Michelle Obama Was Right: Why It's Okay for Married Moms to Feel like Single Parents
When the first lady slipped up and called herself a single mother in an interview recently, it made a small news story bigger. Well, a little bigger. It was covered in a small blurb on Huffington Post, tweeted and Facebooked a bit, and then wrapped up in a paragraph on vegetable gardens for school kids and presidential fundraising.
But if the statement was made a bit louder, I suspect a good portion of the country would be nodding along in understanding as Michelle Obama stated, "Believe me, as a busy single mother- or, I shouldn't say single, as a busy mother. Sometimes, you know, when you've got a husband who is president, it can feel a little single. But he's there," in a television interview with a CBS affiliate in Vermont.
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Obama clarified, "But as a busy working mom, and before coming to the White House, I was in that position, you know, as well. Working, driving kids to practice, not having enough time to shop or cook, not having the energy, you know, the resources weren't the issue but time and energy is key."
Single parents, particular those who are primary parents in the deal, get this. And so do many married parents who have a spouse with a demanding job, who live in separate cities, who have tensions or are working on big family issues, is absent or inattentive, is serving in the military or one of the many, many reasons a mother or father is not or cannot be there during the critical hours of after-school activities, dinner rush, hours in the ER waiting room, during sick and sleepless nights.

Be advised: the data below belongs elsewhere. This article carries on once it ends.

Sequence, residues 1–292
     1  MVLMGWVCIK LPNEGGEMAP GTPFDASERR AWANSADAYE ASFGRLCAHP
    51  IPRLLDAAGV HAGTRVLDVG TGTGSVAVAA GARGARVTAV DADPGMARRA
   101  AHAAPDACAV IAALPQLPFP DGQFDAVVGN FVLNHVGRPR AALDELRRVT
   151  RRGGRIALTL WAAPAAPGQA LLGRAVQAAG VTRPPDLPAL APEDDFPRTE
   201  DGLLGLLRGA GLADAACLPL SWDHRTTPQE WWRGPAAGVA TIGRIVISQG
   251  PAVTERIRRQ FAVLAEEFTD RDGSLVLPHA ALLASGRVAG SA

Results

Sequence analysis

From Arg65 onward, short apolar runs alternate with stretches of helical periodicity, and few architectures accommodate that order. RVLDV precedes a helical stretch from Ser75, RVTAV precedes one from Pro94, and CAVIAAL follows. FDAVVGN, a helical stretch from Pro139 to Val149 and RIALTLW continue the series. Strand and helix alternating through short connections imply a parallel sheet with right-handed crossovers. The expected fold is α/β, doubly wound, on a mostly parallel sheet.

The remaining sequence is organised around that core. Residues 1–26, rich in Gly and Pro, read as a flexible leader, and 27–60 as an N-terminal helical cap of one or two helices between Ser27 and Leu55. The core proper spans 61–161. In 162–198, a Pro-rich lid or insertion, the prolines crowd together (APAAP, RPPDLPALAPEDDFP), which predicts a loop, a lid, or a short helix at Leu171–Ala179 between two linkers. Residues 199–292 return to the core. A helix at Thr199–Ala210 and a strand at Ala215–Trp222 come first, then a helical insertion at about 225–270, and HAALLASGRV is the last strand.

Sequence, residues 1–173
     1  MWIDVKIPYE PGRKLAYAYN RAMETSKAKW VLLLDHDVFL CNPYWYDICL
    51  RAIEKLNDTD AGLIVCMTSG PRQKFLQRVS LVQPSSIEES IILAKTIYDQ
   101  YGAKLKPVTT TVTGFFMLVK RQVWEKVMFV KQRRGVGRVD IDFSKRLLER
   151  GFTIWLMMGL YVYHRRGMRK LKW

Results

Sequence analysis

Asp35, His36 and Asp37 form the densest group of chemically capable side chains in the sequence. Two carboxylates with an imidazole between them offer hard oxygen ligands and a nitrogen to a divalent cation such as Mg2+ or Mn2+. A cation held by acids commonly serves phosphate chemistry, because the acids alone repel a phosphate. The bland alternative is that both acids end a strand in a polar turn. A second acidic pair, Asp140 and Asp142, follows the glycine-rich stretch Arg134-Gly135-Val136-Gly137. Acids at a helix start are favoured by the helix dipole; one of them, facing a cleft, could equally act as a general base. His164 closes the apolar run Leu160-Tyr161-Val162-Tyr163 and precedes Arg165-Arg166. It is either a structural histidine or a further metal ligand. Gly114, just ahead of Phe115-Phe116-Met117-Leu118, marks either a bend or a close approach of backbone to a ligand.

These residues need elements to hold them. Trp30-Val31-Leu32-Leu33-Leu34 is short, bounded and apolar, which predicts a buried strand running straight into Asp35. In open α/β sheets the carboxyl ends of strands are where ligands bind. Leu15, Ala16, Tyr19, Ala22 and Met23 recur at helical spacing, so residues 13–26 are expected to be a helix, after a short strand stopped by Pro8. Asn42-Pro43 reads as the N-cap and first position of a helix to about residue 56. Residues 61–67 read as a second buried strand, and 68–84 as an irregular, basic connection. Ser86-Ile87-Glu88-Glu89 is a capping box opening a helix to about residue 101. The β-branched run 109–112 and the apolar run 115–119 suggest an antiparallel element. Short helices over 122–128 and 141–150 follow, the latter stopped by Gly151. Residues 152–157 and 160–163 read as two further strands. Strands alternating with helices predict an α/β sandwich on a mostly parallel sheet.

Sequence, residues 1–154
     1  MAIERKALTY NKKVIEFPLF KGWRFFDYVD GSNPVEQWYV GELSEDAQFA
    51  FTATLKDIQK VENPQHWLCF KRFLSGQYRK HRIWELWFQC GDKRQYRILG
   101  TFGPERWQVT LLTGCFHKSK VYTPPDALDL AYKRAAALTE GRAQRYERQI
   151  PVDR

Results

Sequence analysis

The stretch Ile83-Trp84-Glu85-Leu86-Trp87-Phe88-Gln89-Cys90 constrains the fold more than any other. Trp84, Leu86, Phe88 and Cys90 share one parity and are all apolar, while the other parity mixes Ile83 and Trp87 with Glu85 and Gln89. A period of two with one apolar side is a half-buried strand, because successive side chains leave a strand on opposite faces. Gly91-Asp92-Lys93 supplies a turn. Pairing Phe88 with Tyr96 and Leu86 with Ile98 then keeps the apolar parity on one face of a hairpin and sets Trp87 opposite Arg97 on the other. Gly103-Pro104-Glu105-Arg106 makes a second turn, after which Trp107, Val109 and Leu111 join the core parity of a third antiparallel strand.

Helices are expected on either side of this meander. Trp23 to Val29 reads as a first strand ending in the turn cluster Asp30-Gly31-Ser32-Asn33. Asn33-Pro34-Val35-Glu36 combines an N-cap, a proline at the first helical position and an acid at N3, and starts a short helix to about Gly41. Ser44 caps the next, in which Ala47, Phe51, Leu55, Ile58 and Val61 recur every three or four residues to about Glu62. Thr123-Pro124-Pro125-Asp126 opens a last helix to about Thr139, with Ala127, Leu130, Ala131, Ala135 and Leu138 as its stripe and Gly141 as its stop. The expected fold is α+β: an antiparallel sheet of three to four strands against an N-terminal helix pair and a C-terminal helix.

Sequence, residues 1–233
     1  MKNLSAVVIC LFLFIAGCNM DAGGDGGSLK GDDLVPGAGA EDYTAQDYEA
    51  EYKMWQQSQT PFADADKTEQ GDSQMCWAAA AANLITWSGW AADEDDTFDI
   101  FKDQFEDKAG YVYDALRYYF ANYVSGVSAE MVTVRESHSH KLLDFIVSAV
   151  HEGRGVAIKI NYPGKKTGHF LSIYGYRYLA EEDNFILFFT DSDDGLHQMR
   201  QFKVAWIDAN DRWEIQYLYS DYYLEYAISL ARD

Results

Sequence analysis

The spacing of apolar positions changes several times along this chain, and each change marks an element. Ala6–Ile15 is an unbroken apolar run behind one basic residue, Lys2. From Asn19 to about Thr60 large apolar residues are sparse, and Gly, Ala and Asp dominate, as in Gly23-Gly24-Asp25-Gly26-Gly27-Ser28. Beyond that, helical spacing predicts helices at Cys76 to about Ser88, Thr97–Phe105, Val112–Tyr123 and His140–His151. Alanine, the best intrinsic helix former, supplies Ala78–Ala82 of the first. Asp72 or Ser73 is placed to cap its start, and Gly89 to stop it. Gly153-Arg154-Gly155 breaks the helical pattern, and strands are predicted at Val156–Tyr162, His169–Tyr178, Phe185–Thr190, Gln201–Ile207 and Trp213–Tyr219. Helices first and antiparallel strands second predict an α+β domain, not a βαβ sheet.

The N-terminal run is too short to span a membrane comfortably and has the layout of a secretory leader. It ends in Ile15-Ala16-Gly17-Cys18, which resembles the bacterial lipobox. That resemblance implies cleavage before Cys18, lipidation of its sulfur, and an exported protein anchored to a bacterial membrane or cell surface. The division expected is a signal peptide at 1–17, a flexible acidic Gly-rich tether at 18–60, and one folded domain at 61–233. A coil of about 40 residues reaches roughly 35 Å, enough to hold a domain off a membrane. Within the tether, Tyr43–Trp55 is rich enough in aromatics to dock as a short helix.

I used to cringe when I'd read a status update or hear a married friend exclaim that she'd be a single mom for the weekend while her husband was out of town. I'd feel frustrated at the blanket statement when (the assumption is) that the husband-father will return home with hugs and kisses and five minutes to take out the garbage and help with homework, no matter how weary or tired-eyed or crabby or wishing he was still in an office conference room or with his guy friends or tending to business in another city. I'd feel defensive about dads I know who complained about handling all the details while their wives were working or traveling or whatever, even knowing all might not be fabulous or secure or peaceful in that family situation.
You don't get to call yourself a single parent, I'd think, if the other parent comes back and participates.
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